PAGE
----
The most successful organizations today use automation and data to their advantage. Why? Because it is hard to be competitive in the long run without a reliable foundation and resources to back up your decision or prove them out against your long-term goals.
Metrics play an important role. The question is, how can this help the business perform better? It comes down to how you collect, interpret, and act on this data and metrics. It’s not about the metric itself.
For example, in contact centers: Where did the journey begin? Certainly not when the customer called the agent. Did the call originate due to a poor web experience, with a person, or a physical product? Are you providing that data, in real time, to your contact center agents to best action the customer’s needs? Is the agent not versed in specific areas, or are the policies and procedures designed to limit the agent’s ability to be effective? Those are the things I hope contact centers are looking at, not just handle time or first call resolution.
We need to try to flip that script and look at metrics as a way that helps enhance the brand’s purpose, expands awareness, or helps solidify the brand experience. Otherwise, if you only use functionally aligned metrics as the yardstick of your business performance, the agent or customer experience will not predict the outcome you are trying to achieve. It’s important for businesses to understand how metrics are connected and how to get value from them.
Beyond this, customer experience teams need to look at business metrics including those the executive team looks at for growth, profitability, and culture. Many times, customer experience leaders are looking at customer satisfaction or other traditional experience metrics. I would argue that the most successful teams are speaking the language of the CEO and CFO and have tied business metrics to experience metrics.
The traditional way of serving customers is shifting to automation and self-service, but that doesn’t mean it will replace the human component. For example, the more sophisticated AI and bot-driven technology some contact centers use today has helped improve customer interaction and engagement. These technologies help fulfill or achieve two specific outcomes — one for agents and the other for customers.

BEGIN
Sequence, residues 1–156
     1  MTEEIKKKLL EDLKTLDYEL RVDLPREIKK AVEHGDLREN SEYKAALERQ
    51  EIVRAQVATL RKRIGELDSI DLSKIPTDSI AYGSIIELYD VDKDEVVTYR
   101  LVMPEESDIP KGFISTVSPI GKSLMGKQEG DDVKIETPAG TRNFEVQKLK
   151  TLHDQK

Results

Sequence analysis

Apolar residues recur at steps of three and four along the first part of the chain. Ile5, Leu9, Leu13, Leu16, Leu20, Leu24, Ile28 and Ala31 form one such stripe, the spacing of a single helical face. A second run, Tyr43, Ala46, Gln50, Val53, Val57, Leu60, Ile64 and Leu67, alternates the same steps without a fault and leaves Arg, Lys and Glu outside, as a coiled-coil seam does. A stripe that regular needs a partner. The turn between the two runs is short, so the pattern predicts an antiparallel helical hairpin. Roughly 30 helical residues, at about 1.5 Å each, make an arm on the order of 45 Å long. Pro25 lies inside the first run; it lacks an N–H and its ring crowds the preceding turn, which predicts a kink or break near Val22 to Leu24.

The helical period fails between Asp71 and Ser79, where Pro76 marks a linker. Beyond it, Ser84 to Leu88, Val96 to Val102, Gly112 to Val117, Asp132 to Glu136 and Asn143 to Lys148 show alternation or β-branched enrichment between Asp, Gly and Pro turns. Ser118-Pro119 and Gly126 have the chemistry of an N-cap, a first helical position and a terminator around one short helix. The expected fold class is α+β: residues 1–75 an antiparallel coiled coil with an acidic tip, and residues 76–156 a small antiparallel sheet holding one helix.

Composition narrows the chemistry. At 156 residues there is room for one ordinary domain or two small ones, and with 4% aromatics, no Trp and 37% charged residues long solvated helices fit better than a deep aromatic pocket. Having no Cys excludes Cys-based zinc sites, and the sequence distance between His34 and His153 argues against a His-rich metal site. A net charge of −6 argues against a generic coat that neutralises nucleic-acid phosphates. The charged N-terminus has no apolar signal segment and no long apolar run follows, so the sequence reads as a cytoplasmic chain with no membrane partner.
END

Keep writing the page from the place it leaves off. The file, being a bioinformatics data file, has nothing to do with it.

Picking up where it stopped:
From an agent’s perspective, the technology empowers them to do more in less time. Here are few things technology can do to improve their performance or interactions with customers:
From the customer’s perspective, the company should meet their customers where they are, not where they want them to be. Some customers want an automated solution. Others want to call the contact center to resolve their issues. Yet others want both. Whatever platform customers want to engage on, businesses must be ready to provide a seamless experience across them all.
We need first to understand what is the essence and significance of a brand. A brand is a commitment that you uphold to your customers and potential customers — it is what you stand for and what you do every day. While we can promise all day, if we fail to deliver against it, it is pointless.
For example, in the contact center, part of the brand commitment may be to deliver a differentiated service experience and help resolve customers’ inquiries on the first call. Contact center agents need to ensure that customers achieve what they called in to accomplish. There may be different policies, processes, and team goals within the organization; however, the brand experience must be well-aligned with the overall brand purpose.
In other words, everyone should work together to deliver consistent, personalized, and proactive customer experiences on a personal and collective level. That includes breaking down department silos to meet the customer’s needs and challenges throughout their journey.
If you have designed the customer and employee experience well enough, then the brand value is the result of that. They are inherently linked to our brand purpose and reinforce the organizational values our customers and employees expect from us.
How will customer and employee experience evolve in 2022? Download Medallia’s 22 Bold Predictions for the Future of Experience